We’re thinking of adding a dress code to our handbook. What should we consider

Answer from Kara, JD, SPHR:

Kara, JD, EPHRAs with any policy, the big thing to keep in mind is that you’ll have to enforce it consistently and address any violations. In general, I recommend employers consider the following when creating a dress code:
Be clear about things you don’t want to see in the workplace. Employees may not know what vague terms like “business casual” mean, so if you don’t want them wearing sandals, shorts, sleeveless shirts, etc., say so.

  • Avoid gender-based rules. These could expose you to discrimination claims.
  • Avoid rules that require a ruler (e.g., skirts must be no more than two inches above the knee). Enforcing these could prove uncomfortable for both managers and employees.
  • Consider different rules for different positions or departments. It would be reasonable, for example, to have stricter rules for customer-facing positions.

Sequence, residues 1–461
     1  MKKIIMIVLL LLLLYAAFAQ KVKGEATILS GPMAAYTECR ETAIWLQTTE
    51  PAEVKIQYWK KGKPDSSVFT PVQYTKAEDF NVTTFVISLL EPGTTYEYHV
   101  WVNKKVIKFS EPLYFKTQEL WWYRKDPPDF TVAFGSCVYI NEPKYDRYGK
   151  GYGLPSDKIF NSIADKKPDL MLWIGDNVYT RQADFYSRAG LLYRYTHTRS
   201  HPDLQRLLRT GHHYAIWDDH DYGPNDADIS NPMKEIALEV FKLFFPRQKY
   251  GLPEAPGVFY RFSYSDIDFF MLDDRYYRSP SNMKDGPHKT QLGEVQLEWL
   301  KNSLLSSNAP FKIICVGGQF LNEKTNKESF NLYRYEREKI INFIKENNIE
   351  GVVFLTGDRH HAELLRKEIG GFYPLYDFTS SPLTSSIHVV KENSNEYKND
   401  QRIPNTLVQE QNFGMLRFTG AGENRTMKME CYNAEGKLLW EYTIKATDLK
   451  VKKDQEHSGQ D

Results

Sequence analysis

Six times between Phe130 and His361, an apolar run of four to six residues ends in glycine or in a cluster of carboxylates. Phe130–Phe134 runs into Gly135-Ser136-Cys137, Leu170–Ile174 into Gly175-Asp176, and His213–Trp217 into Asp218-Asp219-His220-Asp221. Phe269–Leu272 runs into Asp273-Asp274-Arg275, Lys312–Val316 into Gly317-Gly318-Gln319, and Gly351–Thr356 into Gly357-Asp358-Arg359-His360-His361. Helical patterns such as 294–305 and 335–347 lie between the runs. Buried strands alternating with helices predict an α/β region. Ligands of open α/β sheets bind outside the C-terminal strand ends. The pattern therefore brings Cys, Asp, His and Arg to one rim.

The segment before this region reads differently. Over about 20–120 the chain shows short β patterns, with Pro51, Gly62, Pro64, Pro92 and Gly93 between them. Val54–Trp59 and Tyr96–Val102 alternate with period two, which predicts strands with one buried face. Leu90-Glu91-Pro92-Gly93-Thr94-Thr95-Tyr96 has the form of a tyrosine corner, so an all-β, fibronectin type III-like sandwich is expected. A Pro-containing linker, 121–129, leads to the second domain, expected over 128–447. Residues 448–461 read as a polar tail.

• Consider the culture of your workplace and where you’d like to take it. If you have and want to maintain a fun, casual culture, you should probably avoid a dress code that requires formal attire.

Kara practiced employment and bankruptcy law for five years before joining us, and was a Human Resources Generalist at an architecture and engineering firm for several years prior to that. As an attorney she worked on many wage and hour and discrimination claims in both state and federal court. She holds a Bachelor of Arts degree from Oregon State University and earned her law degree from Lewis and Clark Law School.

Vital Signs Insurance Services, Inc.
PO Box 6360
Folsom, CA 95630
Phone: (916) 496-8750
Email: [email protected]

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